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Kitsap Transit will consider more service cuts Thursday
Not enough members of the Kitsap Transit Board of Commissioners arrived to its regularly scheduled meeting last week to form a voting quorum, so the July 21 meeting was rescheduled.
Several members of the public had arrived early at the Norm Dicks Government Center — presumably to comment on the agency’s proposed plan to reduce bus service even more — and when one man in the audience asked which members were absent and why, Commissioner Will Maupin declined to answer.
“Out of respect for the families, I am not answering,” said Maupin, who was asked by board clerk Cathie Knox Browning to stand in for board vice-chair Josh Brown, who was absent.
Maupin said the meeting would be scheduled one week from Tuesday, but Kitsap Transit Executive Director said it might be closer to mid-week.
Knox Browning said an announcement will be made when the meeting is scheduled.
The board was expected to vote on resolution 09-47, which will “implement a two-stage set of service reductions affecting both Routed and ACCESS services in order to further respond to continuing budget crises” caused by declining sales tax revenues.
According to Hayes, the transit agency receives 80 to 85 percent of its revenue from sales taxes, which are projected to be 10 percent less than revenues collected in 2007. With volatile fuel costs taken into account, the agency predicts it will have a deficit of $1.5 million to $2 million at the end of 2009.
Since August of 2008, the agency has increased fares by at least 20 percent twice, raising the full fare from $1.25 to $2, and the reduced fare from 60 cents to $1.
The agency also reduced its service hours by 10 percent — eliminating Sunday trips by both buses and ferries — and laid-off 15 employees. Through attrition and a hiring freeze, the overall staffing level of the agency has been reduced by 11 percent.
However, Hayes determined that “additional options to further reduce expenditures (must be considered),” and the board will be asked to make “two rounds of cuts, one in July for September implementation, and one in the fall for implementation in December.”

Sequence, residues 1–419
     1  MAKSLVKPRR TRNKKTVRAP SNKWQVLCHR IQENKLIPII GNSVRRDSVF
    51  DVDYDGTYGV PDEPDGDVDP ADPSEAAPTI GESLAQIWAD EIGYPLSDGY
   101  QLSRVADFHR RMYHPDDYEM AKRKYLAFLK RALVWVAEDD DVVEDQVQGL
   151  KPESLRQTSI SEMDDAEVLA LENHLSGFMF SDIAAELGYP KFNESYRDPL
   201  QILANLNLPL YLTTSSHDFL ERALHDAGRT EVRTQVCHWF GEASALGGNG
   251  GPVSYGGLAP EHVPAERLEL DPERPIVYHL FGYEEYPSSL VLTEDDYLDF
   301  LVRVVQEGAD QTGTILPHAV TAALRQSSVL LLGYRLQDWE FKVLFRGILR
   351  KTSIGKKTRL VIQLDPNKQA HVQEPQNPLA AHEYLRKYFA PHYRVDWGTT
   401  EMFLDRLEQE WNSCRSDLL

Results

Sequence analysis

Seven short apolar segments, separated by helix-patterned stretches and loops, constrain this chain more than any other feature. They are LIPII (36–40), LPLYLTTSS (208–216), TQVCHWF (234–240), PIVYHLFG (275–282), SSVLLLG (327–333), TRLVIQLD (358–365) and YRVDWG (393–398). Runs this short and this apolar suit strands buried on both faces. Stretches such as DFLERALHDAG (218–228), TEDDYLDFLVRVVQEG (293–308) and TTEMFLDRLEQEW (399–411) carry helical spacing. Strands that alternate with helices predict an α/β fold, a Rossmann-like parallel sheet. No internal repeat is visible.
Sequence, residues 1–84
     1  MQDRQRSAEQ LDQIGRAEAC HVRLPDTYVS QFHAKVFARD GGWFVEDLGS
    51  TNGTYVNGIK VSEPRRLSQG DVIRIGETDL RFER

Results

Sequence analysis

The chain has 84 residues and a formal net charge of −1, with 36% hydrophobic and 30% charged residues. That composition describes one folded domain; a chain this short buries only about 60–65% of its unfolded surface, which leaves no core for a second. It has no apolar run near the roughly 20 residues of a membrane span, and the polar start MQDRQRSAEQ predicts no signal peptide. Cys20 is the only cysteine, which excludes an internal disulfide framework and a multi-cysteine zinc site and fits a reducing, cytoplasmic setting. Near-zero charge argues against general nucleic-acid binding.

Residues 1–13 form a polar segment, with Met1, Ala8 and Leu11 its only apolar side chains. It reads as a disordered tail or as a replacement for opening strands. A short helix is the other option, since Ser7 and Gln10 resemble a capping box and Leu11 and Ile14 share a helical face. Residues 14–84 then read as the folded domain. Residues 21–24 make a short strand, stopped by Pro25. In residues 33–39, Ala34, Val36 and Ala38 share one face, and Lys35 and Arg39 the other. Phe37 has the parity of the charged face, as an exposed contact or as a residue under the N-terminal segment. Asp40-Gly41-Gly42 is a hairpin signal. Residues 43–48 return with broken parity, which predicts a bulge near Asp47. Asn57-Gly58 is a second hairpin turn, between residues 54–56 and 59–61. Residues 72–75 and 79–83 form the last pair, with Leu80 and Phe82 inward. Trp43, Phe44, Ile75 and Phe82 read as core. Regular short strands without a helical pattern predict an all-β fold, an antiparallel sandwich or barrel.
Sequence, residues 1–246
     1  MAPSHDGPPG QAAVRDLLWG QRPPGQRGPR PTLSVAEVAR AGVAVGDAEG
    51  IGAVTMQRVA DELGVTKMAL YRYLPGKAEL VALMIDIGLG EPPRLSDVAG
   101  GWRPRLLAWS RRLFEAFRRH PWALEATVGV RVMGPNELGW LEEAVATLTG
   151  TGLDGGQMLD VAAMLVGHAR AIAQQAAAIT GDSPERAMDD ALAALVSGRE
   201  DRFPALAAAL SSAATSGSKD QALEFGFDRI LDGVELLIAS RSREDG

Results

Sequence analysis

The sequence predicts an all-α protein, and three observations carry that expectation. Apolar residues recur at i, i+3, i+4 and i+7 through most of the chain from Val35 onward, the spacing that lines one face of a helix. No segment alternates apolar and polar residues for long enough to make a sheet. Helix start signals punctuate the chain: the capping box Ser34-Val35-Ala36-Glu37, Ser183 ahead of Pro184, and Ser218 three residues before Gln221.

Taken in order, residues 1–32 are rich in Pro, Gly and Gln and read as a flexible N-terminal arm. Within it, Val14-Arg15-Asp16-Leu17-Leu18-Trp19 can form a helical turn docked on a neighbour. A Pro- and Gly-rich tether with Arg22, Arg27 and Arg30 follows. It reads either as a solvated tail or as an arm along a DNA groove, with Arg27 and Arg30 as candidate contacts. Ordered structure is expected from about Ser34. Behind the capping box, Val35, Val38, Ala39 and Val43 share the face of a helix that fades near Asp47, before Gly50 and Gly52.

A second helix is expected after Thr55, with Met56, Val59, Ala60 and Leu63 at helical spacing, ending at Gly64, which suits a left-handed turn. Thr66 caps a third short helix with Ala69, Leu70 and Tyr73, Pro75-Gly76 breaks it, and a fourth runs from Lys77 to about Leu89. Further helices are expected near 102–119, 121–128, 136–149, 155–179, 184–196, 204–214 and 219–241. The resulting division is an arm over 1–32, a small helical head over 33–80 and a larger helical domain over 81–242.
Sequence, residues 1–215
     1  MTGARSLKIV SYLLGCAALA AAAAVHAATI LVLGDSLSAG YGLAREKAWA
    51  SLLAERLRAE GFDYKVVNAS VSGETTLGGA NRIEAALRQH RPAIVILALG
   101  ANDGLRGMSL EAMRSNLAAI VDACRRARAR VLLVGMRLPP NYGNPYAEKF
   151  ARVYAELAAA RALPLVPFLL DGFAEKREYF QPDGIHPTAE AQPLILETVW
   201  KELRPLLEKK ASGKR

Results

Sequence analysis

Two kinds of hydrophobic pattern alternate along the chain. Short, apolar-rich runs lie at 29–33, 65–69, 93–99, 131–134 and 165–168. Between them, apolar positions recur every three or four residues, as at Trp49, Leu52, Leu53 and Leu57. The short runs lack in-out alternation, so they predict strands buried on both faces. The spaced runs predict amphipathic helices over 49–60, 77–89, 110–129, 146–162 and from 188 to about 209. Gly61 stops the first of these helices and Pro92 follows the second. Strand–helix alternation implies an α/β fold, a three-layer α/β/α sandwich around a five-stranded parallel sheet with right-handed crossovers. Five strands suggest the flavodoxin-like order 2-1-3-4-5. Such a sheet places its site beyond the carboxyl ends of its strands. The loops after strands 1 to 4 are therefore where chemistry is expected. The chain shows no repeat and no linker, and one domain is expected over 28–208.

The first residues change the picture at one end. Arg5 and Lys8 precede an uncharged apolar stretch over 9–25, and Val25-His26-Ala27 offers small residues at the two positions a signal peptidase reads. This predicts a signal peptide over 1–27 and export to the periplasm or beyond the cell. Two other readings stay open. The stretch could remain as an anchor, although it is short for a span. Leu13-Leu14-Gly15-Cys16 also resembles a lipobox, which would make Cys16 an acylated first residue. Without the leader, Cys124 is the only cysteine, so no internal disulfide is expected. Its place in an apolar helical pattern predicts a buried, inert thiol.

As part of the service reduction recommendations, Hayes suggested to the board’s planning sub-committee that the agency run more frequent services on a “spine that will serve high density areas.”
In the Port Orchard area, this recommendation involves “restructuring” five routes — 4, 5, 6, 7 and 8 — into only three routes. Also, Route 23 would be eliminated, and “replaced with feeder service to spine as new plan is developed.”
As far as Access service, the agency currently provides three trips each weekday to “outlying areas,” which includes Olalla and Burley in South Kitsap.
Hayes presented three alternatives that would cut the service to a “minimum.” The first would reduce trips to two per day, one in the morning and one in the evening on weekdays, at a reduction of $73,018. The second would reduce the trips to two per day, but add one additional weekday trip, at a savings of $58,414.
The third option would provide only “lifeline” service, which would constitute only one morning and one evening trip three days a week: Monday, Wednesday and Friday. Those reductions would save the agency $131,433.
The public can comment on the proposed service reductions at the agency’s next meeting, which has been scheduled for Thursday, July 30 at 12:30 p.m. at the Norm Dicks Government Building.